I did a lecture actually at my old University a couple of weeks ago, and there’s a bunch of 18 and 19 year olds, half of them were hungover when they walked in. I said, look, if there’s one lesson I can leave you with, if you’re going to sleep through the rest of this lecture is just understand the word context. And when I say context I don’t mean context in terms of policy stuff, understand what the hell is going on in the world and figure out how you are going to play in that world. Because if you don’t ask yourself that question, you very quickly find yourself completely out skilled.
Brian: I guess that applies to lots of industries over many centuries of work, but it’s the same here.
Harry: Take a simple example. How long did we take to invest fire as a people? How long did it take us to invent the wheel? The transistor? The light bulb? Computing? The Internet? And that rate of change is getting faster. So, to me if you’re sitting there and saying I don’t know what my opportunities are, sorry you’re asleep. Wake up.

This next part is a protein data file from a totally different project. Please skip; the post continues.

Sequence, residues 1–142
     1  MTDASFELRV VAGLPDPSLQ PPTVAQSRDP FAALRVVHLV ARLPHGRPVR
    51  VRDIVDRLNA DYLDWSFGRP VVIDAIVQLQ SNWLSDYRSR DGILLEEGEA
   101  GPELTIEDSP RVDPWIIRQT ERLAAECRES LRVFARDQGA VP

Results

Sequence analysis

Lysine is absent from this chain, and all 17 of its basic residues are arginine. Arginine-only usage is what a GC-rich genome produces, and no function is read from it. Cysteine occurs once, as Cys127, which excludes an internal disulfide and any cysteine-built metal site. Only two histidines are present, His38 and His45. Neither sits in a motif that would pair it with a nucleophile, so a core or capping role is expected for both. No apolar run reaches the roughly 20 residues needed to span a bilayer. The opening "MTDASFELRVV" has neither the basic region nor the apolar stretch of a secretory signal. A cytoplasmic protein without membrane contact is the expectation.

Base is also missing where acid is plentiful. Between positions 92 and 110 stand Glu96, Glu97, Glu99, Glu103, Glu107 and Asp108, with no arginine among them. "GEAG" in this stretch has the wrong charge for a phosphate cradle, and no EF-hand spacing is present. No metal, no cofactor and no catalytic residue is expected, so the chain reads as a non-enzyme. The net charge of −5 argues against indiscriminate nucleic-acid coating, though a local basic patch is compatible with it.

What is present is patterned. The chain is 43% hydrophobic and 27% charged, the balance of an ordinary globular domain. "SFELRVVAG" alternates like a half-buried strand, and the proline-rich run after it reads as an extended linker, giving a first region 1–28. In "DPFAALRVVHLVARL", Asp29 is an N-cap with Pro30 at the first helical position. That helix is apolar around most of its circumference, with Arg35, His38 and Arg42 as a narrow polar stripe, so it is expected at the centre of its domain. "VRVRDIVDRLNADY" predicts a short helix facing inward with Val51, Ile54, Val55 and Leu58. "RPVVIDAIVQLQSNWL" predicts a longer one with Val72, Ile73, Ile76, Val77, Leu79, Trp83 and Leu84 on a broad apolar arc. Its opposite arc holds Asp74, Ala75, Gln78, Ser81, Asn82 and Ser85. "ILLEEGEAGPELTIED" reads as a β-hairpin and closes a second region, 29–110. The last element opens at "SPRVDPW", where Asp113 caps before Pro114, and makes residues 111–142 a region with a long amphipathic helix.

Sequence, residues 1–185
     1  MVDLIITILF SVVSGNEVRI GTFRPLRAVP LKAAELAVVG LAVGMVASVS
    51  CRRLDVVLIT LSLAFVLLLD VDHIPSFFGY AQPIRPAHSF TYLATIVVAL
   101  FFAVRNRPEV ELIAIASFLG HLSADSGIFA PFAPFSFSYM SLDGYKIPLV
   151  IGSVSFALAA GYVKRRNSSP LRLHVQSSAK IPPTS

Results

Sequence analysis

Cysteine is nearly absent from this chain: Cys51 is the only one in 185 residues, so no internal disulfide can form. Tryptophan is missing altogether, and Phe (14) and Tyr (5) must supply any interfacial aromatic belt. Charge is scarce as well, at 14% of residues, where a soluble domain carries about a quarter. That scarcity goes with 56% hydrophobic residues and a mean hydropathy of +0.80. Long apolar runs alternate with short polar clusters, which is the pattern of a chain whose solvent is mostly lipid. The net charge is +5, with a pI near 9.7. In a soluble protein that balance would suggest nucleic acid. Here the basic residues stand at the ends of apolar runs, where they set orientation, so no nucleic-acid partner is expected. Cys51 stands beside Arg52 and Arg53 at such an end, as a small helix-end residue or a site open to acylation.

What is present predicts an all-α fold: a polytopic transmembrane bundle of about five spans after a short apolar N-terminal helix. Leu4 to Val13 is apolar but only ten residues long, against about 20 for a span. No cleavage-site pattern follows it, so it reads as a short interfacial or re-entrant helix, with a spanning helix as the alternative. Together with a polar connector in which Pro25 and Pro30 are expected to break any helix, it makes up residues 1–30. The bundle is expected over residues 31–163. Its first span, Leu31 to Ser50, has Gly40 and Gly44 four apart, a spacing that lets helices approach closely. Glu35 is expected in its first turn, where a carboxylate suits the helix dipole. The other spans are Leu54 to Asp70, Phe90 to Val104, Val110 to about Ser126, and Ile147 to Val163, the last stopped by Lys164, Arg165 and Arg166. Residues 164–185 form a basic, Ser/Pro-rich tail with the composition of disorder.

Brian: You are this century’s tollbooth worker.
Harry: It’s going to get faster and faster and faster. What you’ve got to do is figure out how to create value.
Brian: And look at how many years you have left in your career, do some math, and figure out if you have to move or not.